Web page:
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The Peace Illusion

There’s a good reason the century-long Israeli-Palestinian conflict has not been solved: it can’t be.

Michael Mandelbaum

A Biden presidency promises a return to the status quo before the Trump years. In foreign policy this presumably will entail greater enthusiasm for America’s alliances in Europe and Asia, a suspension of trade wars with friendly countries (although not necessarily with China), and some distancing from the Russian dictator Vladimir Putin. The Biden Administration would be well advised, however, not to resume one particular feature of pre-Trump American foreign policy: the Israeli-Palestinian peace process.

For three decades, successive American presidents invested diplomatic capital and their own time in that process. Then-Vice President Biden assisted President Obama in attempting to bring about a settlement of the now century-long conflict through the establishment of a Palestinian state that would exist peacefully next to Israel. The effort failed in the past and is doomed to fail in the future as well, for a central but little-recognized reason: the Palestinians do not want such a state. Their overriding goal is the destruction of Israel and they will enter into no arrangements that require their acceptance of a Jewish state in the Middle East as permanent and legitimate.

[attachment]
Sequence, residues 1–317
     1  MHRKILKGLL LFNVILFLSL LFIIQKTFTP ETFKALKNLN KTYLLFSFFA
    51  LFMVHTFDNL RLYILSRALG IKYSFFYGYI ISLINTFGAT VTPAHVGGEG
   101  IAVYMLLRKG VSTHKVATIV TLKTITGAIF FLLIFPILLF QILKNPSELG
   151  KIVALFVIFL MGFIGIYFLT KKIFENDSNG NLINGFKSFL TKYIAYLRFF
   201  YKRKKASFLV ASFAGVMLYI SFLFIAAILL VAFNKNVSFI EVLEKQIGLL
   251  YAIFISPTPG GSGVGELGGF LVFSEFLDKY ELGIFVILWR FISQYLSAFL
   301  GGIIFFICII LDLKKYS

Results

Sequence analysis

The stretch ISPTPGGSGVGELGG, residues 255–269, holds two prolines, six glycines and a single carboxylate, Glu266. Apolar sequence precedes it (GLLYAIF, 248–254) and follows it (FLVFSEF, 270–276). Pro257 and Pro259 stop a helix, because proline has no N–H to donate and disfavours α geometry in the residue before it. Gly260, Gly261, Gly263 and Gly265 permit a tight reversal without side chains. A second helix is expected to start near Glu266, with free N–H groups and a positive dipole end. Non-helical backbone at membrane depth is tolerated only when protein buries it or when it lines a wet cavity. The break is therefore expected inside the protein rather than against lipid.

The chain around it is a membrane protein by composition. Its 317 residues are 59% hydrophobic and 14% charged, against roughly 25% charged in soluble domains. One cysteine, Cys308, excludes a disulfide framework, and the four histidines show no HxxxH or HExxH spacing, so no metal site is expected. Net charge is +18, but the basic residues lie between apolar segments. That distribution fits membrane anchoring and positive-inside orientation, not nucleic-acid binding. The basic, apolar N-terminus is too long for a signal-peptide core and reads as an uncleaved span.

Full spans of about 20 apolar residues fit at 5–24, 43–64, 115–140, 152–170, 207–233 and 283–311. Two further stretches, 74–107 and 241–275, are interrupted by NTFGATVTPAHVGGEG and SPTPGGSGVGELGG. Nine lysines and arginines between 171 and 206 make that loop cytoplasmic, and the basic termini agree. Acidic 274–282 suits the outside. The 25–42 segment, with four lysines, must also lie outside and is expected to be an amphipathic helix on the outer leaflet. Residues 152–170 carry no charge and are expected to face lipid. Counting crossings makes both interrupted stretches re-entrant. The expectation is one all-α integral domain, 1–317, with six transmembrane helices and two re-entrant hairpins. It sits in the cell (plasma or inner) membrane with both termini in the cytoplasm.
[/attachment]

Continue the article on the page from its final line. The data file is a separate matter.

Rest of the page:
Over the years the Palestinians and their representatives have provided massive and incontrovertible evidence that this is in fact their position. They have refused several generous Israeli offers of statehood and have offered no proposals of their own in return. They have taken no serious, concrete steps to prepare for statehood, and in their public statements and the curricula of their schools they have relentlessly anathematized the idea as well as the fact of Jewish sovereignty.

Both a symptom and a cause of the persistence of the conflict is the Palestinian insistence on a “right of return,” which Palestinian negotiators have consistently stipulated as a nonnegotiable demand in the peace process. By this they mean that any living person who can claim descent from anyone who left the British Mandate of Palestine at the time of the founding of the state of Israel in 1948 is entitled to return to Israel and establish permanent residence there. The War of Return, a penetrating book published earlier this year by two Israelis, Adi Schwartz and Einat Wilf, demonstrates that the claim has no moral, legal, or historical foundation, and that it has served as a weapon in the Palestinians’s ongoing campaign to destroy the state of the Jews rather than create their own.